Key fob security systems consist of a small radio device that transmits a code when a button is pressed, providing authorization for the system to turn off alarms or disengage electronic locks. Early systems typically used a static code that never changed between transmissions, but modern systems generate a new, secure code after every press of the button.
The chief danger of a static-code key fob is that the same code is broadcast every time the device is used, so someone can intercept the transmission and replicate it. A rolling-code system uses an algorithm to generate a fresh code each time, and that algorithm is programmed into the key fob as well as the security system. However, both types of systems can be defeated by someone stealing the fob, which is a vulnerability in any key fob security system.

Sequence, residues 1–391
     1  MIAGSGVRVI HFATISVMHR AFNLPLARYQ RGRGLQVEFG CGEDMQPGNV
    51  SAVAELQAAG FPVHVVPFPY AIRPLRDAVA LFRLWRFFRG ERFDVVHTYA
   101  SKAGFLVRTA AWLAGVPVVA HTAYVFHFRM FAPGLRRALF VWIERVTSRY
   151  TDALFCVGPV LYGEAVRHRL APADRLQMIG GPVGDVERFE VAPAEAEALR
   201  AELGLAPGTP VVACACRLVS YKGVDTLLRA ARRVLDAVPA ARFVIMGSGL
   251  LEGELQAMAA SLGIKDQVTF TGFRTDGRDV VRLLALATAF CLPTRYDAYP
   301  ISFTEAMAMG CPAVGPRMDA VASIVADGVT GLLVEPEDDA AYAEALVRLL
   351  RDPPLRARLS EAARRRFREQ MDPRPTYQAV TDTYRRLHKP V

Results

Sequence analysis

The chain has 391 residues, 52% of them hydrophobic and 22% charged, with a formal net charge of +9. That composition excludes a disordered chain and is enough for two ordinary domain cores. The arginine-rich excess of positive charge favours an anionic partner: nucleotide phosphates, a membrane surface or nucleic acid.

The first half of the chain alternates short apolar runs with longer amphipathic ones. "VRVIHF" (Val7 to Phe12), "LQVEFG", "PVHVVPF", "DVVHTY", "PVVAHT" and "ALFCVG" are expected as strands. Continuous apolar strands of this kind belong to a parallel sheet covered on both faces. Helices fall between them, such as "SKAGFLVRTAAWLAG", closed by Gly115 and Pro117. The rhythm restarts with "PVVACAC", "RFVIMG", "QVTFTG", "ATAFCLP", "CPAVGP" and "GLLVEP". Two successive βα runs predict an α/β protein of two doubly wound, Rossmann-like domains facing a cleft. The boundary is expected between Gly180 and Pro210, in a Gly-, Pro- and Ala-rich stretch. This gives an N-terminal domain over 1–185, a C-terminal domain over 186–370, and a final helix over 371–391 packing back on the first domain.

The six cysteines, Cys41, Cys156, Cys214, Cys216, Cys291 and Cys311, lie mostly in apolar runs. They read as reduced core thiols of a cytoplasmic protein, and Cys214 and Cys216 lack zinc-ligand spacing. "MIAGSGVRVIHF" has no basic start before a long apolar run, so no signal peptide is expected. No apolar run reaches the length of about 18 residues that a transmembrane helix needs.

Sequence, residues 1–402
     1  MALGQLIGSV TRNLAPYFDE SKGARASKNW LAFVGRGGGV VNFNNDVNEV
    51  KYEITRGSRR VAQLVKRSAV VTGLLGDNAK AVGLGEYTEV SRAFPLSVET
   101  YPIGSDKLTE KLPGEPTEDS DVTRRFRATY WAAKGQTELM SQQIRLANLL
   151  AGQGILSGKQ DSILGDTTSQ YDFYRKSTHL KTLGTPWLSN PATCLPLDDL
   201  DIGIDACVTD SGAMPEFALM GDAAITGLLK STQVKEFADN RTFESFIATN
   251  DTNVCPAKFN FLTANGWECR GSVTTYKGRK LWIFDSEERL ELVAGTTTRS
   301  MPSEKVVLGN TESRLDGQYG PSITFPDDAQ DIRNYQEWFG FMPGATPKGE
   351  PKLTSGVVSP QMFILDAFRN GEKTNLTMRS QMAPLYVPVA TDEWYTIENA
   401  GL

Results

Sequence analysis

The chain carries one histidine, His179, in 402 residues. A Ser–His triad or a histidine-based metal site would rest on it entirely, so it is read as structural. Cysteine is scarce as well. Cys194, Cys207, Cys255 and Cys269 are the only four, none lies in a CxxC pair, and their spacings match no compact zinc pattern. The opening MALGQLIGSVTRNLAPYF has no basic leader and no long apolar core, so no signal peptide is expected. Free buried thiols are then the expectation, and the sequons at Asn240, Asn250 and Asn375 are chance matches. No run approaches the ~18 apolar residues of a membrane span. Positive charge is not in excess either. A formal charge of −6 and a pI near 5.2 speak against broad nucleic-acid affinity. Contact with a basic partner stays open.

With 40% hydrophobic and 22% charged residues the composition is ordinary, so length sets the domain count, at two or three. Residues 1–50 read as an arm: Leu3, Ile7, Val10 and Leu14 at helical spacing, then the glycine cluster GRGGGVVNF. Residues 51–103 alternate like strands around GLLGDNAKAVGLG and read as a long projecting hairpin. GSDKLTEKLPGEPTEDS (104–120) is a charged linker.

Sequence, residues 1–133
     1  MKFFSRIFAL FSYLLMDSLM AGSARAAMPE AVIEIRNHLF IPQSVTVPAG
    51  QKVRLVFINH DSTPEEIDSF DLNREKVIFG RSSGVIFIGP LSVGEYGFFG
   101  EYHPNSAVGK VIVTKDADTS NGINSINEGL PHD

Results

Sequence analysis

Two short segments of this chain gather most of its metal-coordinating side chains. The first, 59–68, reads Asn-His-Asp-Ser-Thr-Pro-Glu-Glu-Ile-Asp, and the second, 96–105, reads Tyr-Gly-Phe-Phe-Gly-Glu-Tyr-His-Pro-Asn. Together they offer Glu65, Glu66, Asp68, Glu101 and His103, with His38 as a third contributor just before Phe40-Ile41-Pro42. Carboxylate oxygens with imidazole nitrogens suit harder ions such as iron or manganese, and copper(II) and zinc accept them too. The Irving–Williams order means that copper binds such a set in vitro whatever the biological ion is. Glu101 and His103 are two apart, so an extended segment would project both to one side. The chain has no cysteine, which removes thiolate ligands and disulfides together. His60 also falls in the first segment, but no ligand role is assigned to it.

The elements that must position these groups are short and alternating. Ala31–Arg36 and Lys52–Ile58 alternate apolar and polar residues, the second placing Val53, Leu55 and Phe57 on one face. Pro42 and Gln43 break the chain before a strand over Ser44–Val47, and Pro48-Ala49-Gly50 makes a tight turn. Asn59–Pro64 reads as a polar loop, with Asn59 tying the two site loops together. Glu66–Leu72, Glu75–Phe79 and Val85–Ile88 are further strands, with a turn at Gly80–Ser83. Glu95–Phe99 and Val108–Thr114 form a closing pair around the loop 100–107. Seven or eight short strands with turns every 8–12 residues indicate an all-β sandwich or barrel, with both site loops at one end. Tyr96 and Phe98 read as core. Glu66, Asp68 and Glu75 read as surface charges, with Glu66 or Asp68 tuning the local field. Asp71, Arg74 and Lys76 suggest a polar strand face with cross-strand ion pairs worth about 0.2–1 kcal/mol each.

Key fobs are sometimes used in a two-factor authentication system. For instance, accessing a secure online site requires both a password and code generated from a key fob device. When the user presses the button, a temporary code is displayed, which is only good for a brief period of time. This prevents an outside user from being able to access the system without gaining access to both the password and security key fob device.